Political scientist Dominic Tierney explores the cultural and religious meanings and values behind the familiar American song “The Battle Hymn of the Republic.” Some of his thoughts on the song:
But most of all, the “Battle Hymn” is a warrior’s cry and a call to arms. Its vivid portrait of sacred violence captures how Americans fight wars, from the minié balls of the Civil War to the shock and awe of Iraq. Based on ideas from my new book, How We Fight: Crusades, Quagmires, and the American Way of War, we can see how the nation’s experience is intimately connected to this crusader’s cry…
The totemic poem has guided the United States through many military trials. The “Battle Hymn” epitomizes the strengths of this nation: its optimism, and its moral courage. It’s a song of agency, of action, a call to sacrifice together for the cause. The soldiers who march to the “Battle Hymn” have helped to liberate millions.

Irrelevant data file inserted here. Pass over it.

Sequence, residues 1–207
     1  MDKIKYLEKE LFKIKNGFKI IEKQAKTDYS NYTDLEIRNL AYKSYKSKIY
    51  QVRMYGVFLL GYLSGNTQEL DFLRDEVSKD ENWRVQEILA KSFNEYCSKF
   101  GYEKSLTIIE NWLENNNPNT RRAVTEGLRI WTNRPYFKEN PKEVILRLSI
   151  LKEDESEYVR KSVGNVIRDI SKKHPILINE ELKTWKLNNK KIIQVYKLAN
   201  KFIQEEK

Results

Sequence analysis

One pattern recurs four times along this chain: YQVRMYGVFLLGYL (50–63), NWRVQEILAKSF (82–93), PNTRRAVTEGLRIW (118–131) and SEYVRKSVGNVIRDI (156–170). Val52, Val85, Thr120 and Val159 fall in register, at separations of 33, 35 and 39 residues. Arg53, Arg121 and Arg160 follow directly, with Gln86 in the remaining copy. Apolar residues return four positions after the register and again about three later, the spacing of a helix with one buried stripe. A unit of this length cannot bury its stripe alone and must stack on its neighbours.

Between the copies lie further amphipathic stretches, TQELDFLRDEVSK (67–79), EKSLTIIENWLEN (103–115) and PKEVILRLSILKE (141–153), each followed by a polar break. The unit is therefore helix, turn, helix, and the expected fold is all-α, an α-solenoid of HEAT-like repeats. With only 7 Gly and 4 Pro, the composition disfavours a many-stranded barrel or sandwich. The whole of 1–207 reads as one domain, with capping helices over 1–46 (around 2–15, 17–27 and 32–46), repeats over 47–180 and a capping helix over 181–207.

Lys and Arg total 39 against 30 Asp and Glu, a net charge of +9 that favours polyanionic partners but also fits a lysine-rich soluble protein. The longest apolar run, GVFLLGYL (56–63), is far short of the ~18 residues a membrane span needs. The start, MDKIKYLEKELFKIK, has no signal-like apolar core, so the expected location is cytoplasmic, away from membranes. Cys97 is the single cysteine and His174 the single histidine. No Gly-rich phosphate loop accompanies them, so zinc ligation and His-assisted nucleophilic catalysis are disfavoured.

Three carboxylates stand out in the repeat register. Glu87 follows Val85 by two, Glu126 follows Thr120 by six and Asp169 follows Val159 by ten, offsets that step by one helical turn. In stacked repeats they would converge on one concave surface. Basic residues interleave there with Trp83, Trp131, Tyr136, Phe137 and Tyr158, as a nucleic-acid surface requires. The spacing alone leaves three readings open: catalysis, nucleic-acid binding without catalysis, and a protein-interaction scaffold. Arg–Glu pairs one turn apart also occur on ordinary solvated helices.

But there is a dark side to the “Battle Hymn” and the American way of war. The righteous zeal of America’s war effort can excuse almost any sins—like killing hundreds of thousands of enemy civilians. When Americans loose the fateful lightning, they have no moral guilt, for they are the tools of God.
This is a fascinating topic, particularly considering that the song came out of the Northern side of the Civil War but seems to have later been adopted by a majority of Americans. A song like this does reflect the American narrative, the story that we tell about ourselves over the years and also helps interpret our current situation.
And yet, I feel like I have rarely heard this song in recent years – the more common American hymn is “America, the Beautiful” which seems to adopt a very different tone, particularly in its first verse which opens with images of nature though its later verses pick up on some of the same themes. What explains a shift away from “The Battle Hymn,” if this has indeed happened? What happens or changes when “The Battle Hymn” is used in settings that have less to do with war – would other songs be preferred then or are there causes today that could or would utilize this song and its messages?